Luke 9:57-62  As they were walking along the road, a man said to him, “I will follow you wherever you go.” Jesus replied, “Foxes have dens and birds have nests, but the Son of Man has no place to lay his head.” He said to another man, “Follow me.” But he replied, “Lord, first let me go and bury my father.” Jesus said to him, “Let the dead bury their own dead, but you go and proclaim the kingdom of God.”  Still another said, “I will follow you, Lord; but first let me go back and say goodbye to my family.” Jesus replied, “No one who puts a hand to the plow and looks back is fit for service in the kingdom of God.”

A "later" too easily becomes a "never."

“I’ll do it later.” It was a cold Saturday, and I was snuggled up on the couch with my pumpkin coffee, phone, and a book, listening to the raindrops hit the windowpanes outside. I had grocery shopping to do, there was a hamper full of dirty clothes waiting to be washed, and the infamous vacuum cleaner was waiting for a chance to eat the dustbunnies out of the carpet. The good news about “later” was that it felt better than acknowledging I wasn’t going to shop or clean that day. “Later” was always beyond the present moment, never turning into “now” by itself—unless I wanted it to.

But later in the week when I had no underwear left and only peanut butter and potatoes left in the cupboard, I regretted my procrastination.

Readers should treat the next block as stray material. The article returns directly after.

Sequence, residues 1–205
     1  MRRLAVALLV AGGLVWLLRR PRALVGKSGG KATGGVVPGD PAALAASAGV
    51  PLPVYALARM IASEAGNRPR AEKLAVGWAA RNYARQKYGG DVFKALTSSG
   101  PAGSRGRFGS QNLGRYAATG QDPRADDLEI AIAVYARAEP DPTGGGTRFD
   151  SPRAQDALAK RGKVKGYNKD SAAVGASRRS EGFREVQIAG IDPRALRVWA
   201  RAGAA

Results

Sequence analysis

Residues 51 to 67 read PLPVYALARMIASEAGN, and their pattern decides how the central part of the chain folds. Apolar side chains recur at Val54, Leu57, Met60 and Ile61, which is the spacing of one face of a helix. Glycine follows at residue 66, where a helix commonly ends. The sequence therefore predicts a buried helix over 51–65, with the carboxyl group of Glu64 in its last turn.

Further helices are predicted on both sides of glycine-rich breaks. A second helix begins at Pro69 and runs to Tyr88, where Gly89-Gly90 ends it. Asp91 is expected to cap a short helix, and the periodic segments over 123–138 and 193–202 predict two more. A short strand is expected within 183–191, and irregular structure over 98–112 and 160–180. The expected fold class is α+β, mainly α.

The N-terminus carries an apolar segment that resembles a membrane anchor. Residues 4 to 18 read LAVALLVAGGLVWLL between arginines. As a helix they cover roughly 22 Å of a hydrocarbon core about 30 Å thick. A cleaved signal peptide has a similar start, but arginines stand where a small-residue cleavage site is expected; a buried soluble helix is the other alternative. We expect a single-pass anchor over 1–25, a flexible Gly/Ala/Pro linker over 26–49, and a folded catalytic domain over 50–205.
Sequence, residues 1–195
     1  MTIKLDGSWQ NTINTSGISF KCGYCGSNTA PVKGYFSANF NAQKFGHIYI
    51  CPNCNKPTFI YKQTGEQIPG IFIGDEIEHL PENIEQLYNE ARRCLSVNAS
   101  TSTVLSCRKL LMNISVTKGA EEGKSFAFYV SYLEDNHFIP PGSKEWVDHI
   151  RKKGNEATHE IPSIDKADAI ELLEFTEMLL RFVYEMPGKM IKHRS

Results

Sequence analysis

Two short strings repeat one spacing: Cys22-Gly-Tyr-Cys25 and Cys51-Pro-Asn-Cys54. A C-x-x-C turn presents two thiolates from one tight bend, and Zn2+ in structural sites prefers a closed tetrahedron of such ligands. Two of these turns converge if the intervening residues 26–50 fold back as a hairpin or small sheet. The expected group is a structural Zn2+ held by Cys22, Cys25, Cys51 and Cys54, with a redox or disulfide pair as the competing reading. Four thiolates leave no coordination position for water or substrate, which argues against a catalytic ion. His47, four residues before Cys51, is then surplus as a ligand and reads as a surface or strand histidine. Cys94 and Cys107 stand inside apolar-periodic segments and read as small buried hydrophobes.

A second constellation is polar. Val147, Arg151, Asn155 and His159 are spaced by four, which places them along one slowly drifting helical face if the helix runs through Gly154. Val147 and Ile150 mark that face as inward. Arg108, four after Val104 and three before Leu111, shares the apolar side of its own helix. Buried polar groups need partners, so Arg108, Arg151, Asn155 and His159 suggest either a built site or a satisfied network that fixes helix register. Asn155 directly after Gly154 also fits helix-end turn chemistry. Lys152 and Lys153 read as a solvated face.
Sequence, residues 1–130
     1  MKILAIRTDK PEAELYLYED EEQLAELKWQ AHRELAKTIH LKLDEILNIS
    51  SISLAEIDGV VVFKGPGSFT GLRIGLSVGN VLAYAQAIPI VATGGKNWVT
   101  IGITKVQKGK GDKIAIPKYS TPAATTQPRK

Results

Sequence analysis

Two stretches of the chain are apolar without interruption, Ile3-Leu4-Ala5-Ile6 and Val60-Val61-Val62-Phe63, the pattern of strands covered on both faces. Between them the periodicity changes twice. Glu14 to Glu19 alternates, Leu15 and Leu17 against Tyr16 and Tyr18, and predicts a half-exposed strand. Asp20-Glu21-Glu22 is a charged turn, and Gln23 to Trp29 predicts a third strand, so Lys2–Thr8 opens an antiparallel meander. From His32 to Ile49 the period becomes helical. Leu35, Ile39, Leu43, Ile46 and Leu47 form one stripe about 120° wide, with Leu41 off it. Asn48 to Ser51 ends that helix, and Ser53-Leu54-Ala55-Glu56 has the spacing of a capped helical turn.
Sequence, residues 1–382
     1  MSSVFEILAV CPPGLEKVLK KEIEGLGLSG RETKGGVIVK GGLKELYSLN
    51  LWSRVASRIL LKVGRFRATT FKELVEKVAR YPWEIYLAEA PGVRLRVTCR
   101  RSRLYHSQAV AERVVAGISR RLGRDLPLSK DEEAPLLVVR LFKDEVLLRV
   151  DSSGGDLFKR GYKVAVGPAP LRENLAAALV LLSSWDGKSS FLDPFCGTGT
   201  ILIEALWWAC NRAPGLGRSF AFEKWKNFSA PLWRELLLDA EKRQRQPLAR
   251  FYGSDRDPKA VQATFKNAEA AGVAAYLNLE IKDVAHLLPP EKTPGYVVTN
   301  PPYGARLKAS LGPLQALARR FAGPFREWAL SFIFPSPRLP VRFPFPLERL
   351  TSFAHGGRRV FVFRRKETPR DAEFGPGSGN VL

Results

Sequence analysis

“I’ll do it later.” Maybe you have a story like mine. While it’s said that 20% of the population are chronic procrastinators, putting things off is something that most of us have experience with. Most of us have spent hours doing things like watching TV, scrolling through Facebook, or shopping online when you should have been spending that time on more important tasks. But we also procrastinate in other areas of life, especially in our relationship with God: we say we’ll spend quiet time alone with God later; we’ll go to church later, when we’re not busy; we’ll be generous later, when we have enough money; we’ll admit we messed up later; we’ll forgive him/her later; we’ll help someone in need later; we’ll visit later; we’ll pray later. But Jesus knew what we know—that sometimes, “later” never comes. The men who encounter Jesus on the road in Luke 9 each express their desire to follow Jesus, but they also indicate they will need to do so “later;” they’re busy with a house to sell, an inheritance at stake, and people (especially family) who could get upset with them. Jesus never says these things aren’t important to consider. But it’s because of their insistence and order that he questions these guys. After all, will it be three days, three weeks, three months, three years, or three decades? Jesus responds seemingly in a harsh way because he sees trouble when obeying him is seen as something to do “later.”      

We all have something we don’t want to do or we’ve been putting off til later. Maybe it’s taking the time to listen, to give, to reach out, to make a call we don’t want to make, to take a journey of trust in Jesus that we know we need to take. But taking the step to follow Jesus first means we must put our fears and unknowns and other things in their place, behind what he’s been calling us to do for a while now.

On Today's Road: What have you been putting off for a while now—vocationally, relationally, spiritually? What things that have been dominating your time and energy do you need to put in second place, behind obedience to Christ?